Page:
“Cannot really forget him ever,” writes my brother Vivek from Bethesda, the first person I mail on hearing that Anil Arora of The Bookworm has died. Tens of years before, Vivek introduced me to two unusual bookshop owners, and Anil was one of them.

I had just started to work at the ad agency HTA (now JWT) and had money of my own for the first time, the sole ambition in those days being to earn to buy books. Coincidentally, a friend and I won a silly award that year at work, and the not-so-silly prize amounted to Rs 15,000 in Bookworm book vouchers. We had been anointed billionaires and Anil was the grinning Master of Ceremonies.

Soon I moved to Target, the children’s magazine from the India Today group, and The Bookworm became the other regular post-work watering hole where it was always happy hours. Anil, among other things, told me that the owner of India Today, Aroon Purie, was a relative (I never quite figured out how) and he wouldn’t need to give me a discount now as I must be earning crazy money in that company. Not.

Anil not only ended up giving me countless discounts over the next decade and more, but also asked me to take along books I couldn’t afford, saying I could pay later. And so I joined that densely populated band of people forever indebted to Anil.

Image credit: Mayank Austen Soofi / thedelhiwalla.com
Image credit: Mayank Austen Soofi / thedelhiwalla.com

His store flashes clearly in my head. The front of the bookshop, the spinner rack of bestsellers as you entered, the shelves on either side of the table-space on which the coffee-table books and a few bargains lay expectantly, leading to where Anil sat, doing stuff on his desktop – and the music, always the music, brushstroking the picture. A tiny place, with its neatly categorised shelves, the intimacy of bumping bums and minds with stranger-bookfriends, and the many tourists usually hanging around the Religion and Philosophy shelves, the assistant (a niece, she said) who knew exactly where each book was.

I remember my one-sided love affair with Japanese writers and Anil’s avuncular “Chehh! Rubbish!” He had an opinion on his books, and many of them were utter “rubbish”. If they are so bad, why have you kept them here? I would laugh, squeezing up the narrow wooden stairs to the upper floor, where sandwiched tightly between floor and ceiling, there were, among others, Poetry, Music and Children’s Books – my special interest.

You could see they had been handpicked. Anil was, everyone knows, more than a bookshop owner; he was a curator. Sometimes part of that was “rubbish” for people like me, and then he could get whatever precious book you wanted from any corner of the world – or sometimes, just from Variety, the distributor down the Middle Circle – and you could pay later. As my brother’s mail goes, “Anil wanted every customer to leave his store happy.”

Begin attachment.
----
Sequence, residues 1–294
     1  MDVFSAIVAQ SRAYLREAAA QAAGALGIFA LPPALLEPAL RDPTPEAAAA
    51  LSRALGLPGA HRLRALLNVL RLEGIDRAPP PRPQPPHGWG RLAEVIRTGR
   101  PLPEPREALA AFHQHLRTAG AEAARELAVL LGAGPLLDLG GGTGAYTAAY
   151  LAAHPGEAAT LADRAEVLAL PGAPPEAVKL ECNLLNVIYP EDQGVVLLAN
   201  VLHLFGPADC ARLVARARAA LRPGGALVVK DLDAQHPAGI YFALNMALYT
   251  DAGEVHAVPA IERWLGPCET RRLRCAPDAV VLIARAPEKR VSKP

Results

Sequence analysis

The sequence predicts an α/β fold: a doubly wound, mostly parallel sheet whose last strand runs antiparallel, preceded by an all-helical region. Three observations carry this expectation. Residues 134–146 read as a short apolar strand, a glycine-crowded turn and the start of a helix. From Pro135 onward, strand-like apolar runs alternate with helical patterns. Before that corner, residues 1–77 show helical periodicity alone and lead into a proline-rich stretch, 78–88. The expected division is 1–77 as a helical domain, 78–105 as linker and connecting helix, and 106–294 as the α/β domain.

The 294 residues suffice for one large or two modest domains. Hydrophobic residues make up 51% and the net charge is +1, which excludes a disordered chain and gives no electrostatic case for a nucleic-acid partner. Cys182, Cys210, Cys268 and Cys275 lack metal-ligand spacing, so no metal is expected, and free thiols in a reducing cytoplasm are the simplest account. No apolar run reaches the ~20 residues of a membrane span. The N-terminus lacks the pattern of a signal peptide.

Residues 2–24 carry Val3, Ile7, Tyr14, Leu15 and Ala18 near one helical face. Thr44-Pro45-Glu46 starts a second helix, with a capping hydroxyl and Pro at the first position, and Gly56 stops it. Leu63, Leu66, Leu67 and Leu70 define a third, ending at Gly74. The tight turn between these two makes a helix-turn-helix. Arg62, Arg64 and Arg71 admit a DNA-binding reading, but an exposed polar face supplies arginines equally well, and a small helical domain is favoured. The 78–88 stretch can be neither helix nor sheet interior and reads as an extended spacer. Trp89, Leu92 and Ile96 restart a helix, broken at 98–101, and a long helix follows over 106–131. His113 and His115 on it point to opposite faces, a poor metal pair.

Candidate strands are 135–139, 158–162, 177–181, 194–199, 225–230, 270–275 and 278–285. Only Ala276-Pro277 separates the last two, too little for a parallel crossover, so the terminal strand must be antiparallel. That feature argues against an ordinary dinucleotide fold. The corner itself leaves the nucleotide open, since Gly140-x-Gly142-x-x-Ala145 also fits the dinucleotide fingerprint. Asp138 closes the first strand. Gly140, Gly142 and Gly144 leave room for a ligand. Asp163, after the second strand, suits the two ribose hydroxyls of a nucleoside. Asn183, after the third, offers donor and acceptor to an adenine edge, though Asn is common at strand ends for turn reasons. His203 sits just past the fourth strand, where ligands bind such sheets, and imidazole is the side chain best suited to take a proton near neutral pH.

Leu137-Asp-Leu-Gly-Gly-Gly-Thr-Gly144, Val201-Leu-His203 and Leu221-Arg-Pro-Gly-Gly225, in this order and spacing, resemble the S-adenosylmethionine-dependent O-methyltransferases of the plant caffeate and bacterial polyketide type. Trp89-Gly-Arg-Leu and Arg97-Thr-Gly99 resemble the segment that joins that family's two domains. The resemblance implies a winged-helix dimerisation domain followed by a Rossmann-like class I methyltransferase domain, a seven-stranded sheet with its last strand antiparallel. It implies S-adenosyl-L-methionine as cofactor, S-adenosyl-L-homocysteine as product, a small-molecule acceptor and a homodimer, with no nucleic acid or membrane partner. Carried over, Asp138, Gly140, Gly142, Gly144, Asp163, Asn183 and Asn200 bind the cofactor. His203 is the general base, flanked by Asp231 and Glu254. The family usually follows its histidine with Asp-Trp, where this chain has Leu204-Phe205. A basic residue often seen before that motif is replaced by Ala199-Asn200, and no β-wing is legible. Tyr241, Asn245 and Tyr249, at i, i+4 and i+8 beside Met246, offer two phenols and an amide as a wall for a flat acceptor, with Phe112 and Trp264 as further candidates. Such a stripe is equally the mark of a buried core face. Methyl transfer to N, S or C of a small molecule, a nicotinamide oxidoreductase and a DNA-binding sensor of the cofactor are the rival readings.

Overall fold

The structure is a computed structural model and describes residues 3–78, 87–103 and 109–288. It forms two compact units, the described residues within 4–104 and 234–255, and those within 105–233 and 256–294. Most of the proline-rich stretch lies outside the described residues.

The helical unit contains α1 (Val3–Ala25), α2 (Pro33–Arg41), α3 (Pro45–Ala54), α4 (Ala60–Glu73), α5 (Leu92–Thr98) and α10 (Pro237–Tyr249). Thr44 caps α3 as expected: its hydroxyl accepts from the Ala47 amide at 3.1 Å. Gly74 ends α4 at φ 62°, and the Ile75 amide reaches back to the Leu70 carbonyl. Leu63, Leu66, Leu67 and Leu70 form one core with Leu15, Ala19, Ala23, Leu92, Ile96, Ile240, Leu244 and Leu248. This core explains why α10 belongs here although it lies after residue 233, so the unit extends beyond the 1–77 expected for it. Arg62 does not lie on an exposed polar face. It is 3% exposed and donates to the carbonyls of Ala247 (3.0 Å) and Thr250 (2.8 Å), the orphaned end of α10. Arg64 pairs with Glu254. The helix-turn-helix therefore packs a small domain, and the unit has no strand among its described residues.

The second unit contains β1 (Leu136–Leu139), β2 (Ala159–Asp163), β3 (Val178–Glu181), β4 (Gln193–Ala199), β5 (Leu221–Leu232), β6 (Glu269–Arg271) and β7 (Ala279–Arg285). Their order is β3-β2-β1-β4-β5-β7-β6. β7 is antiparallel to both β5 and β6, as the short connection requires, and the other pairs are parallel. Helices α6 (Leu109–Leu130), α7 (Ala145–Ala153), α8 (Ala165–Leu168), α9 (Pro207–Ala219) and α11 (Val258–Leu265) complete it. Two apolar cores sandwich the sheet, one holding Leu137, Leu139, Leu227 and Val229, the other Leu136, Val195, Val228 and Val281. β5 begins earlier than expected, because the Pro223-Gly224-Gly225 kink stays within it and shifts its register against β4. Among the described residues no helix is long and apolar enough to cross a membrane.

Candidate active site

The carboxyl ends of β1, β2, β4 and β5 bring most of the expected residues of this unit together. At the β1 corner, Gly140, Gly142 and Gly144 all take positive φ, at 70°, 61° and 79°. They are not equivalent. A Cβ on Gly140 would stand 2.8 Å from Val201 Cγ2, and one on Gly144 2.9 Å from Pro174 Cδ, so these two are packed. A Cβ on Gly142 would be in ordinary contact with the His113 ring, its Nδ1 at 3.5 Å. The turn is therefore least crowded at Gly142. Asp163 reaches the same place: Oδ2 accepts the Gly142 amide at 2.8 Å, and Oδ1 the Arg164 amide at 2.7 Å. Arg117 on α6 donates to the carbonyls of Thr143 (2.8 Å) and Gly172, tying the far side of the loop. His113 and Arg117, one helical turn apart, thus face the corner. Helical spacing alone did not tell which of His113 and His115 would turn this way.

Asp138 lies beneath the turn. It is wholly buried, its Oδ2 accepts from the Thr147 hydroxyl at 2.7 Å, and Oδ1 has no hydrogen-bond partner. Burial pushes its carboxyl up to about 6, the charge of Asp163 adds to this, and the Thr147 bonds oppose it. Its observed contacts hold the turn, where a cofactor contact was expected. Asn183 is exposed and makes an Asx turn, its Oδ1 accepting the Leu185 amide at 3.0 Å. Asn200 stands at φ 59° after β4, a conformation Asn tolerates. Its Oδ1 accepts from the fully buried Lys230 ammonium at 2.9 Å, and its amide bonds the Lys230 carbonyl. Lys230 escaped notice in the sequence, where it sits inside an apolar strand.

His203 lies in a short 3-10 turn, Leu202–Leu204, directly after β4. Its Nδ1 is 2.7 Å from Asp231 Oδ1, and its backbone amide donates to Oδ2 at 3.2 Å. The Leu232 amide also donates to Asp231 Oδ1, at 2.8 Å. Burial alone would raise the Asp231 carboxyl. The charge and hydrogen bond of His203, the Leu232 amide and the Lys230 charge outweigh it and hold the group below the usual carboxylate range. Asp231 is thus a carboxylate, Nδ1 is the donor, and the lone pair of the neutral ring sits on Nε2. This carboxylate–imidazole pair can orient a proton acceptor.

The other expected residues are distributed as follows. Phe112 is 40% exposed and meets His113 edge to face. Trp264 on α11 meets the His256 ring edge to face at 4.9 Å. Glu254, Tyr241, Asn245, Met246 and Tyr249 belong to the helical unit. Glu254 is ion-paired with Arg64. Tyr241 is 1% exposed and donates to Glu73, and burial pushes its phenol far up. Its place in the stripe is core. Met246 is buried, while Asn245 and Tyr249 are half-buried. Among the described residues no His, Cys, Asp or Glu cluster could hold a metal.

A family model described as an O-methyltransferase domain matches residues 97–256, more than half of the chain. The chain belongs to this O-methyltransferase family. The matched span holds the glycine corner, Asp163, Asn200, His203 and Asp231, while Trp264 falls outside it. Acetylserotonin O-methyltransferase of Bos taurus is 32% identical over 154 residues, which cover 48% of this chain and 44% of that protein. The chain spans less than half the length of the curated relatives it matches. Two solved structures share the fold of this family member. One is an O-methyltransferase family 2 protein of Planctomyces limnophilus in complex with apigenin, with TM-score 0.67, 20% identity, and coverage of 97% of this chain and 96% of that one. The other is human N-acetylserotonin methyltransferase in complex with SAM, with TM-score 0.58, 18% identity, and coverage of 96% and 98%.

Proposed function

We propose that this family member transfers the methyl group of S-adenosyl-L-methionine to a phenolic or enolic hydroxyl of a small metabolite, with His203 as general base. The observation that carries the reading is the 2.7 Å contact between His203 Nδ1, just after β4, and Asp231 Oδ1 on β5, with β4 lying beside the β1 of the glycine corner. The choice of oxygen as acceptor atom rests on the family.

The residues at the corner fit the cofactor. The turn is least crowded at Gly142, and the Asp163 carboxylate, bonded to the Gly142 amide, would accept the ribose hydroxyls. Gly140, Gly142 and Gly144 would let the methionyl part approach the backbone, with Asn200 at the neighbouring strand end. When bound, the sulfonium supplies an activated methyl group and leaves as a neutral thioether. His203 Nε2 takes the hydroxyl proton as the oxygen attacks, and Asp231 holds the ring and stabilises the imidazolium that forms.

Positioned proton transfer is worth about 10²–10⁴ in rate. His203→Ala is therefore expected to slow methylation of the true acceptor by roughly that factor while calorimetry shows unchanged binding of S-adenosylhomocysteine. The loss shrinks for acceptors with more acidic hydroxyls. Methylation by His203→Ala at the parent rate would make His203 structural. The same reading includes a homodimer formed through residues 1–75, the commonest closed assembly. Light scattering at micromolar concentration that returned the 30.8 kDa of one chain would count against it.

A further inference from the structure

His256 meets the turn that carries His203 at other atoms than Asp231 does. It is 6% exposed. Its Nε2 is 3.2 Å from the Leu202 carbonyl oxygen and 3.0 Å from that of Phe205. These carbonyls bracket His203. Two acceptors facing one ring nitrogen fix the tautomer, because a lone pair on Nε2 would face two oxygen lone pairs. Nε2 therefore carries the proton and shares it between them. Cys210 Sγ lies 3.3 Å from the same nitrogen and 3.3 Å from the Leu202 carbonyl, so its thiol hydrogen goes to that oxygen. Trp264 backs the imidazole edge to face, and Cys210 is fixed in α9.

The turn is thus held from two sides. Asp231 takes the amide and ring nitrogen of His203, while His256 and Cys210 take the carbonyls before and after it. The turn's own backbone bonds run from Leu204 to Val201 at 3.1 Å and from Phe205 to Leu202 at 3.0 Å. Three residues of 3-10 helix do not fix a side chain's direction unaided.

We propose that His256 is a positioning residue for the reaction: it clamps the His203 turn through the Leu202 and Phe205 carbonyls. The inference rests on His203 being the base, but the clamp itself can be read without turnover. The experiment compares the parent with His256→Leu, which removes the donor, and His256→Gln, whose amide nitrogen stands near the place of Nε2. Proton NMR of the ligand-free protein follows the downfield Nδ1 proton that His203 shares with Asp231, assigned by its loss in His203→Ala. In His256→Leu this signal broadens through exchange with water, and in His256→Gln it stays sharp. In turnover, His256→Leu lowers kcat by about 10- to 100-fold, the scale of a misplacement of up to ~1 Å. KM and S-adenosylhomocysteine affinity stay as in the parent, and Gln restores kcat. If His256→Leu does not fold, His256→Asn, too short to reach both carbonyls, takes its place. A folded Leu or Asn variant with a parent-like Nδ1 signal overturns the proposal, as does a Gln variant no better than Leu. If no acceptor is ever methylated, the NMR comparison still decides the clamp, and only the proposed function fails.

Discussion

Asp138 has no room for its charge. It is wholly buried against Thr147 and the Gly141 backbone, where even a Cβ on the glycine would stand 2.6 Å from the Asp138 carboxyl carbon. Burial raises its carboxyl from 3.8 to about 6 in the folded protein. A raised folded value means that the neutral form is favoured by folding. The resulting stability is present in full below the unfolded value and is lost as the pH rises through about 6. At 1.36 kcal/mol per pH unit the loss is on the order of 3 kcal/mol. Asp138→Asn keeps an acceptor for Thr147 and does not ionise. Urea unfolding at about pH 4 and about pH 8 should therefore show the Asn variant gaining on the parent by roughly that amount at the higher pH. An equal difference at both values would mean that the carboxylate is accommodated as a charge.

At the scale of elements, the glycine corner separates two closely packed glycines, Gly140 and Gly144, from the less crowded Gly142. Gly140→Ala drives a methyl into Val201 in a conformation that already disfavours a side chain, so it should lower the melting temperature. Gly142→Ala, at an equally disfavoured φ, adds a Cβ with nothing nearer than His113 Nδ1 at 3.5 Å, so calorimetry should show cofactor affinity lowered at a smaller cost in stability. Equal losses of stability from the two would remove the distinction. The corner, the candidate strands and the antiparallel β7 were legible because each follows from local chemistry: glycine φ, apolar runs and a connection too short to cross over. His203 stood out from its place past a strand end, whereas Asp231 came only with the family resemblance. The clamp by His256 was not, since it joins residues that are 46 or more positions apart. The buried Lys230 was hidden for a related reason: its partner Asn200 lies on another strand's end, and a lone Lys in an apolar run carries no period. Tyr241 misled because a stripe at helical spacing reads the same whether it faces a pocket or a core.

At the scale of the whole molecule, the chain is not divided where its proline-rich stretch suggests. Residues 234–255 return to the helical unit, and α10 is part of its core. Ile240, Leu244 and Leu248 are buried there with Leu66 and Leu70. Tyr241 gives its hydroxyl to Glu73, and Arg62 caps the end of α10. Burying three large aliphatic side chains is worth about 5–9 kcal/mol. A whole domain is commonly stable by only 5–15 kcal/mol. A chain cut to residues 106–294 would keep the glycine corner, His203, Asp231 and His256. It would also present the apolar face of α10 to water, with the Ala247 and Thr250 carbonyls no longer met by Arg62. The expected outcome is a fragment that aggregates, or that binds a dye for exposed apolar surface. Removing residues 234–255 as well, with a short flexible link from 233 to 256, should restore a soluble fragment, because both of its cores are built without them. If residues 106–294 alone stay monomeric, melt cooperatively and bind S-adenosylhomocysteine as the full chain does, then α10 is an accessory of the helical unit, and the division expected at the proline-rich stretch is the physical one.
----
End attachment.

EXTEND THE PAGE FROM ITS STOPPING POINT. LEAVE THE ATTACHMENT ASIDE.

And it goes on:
Image credit: Mayank Austen Soofi / thedelhiwalla.com
Image credit: Mayank Austen Soofi / thedelhiwalla.com

Once or twice when I went with this same brother, I found Anil irritated, hunched over some glitch in his computer. When my brother, being nifty with machines, set it right, Anil beamed and chatted away, as we often did. His daughter was in Thailand, he went for a month or so every year, and I wanted to buy his store, or at least work in it, but hahaha, I was earning lakhs already, working for Aroon Purie’s company, so he wouldn’t hire me.

During the last few years, when he was coming to the decision to pack up, I avoided the store. It was going to shut down. That was going to hurt. It was my first close encounter with the death of the indie bookshop and I didn’t understand at that time how it portended an era of such obituaries.

And one day, much later, when I stopped that way, the store was gone.

And with it yes, him and his music. My brother had once asked him about western classical music and Anil handed over a cassette (yeah, we are both that old now) – The Planets by Gustav Holst – and asked him to try to understand the instruments and how they combined in an orchestra to produce the overpowering music. My brother listens to western classical music nearly daily since, but Anil doesn’t know that. As one gets older, every day is marked by “wish I had done that”s and “wish I had told them”s.

But I look around me now and it’s okay for me to not try to cobble together more memories of him.

My bookshelves are alive with Anil Arora.

Cannot really forget him ever.

Vatsala Kaul Banerjee is publisher, children’s and reference books, Hachette India.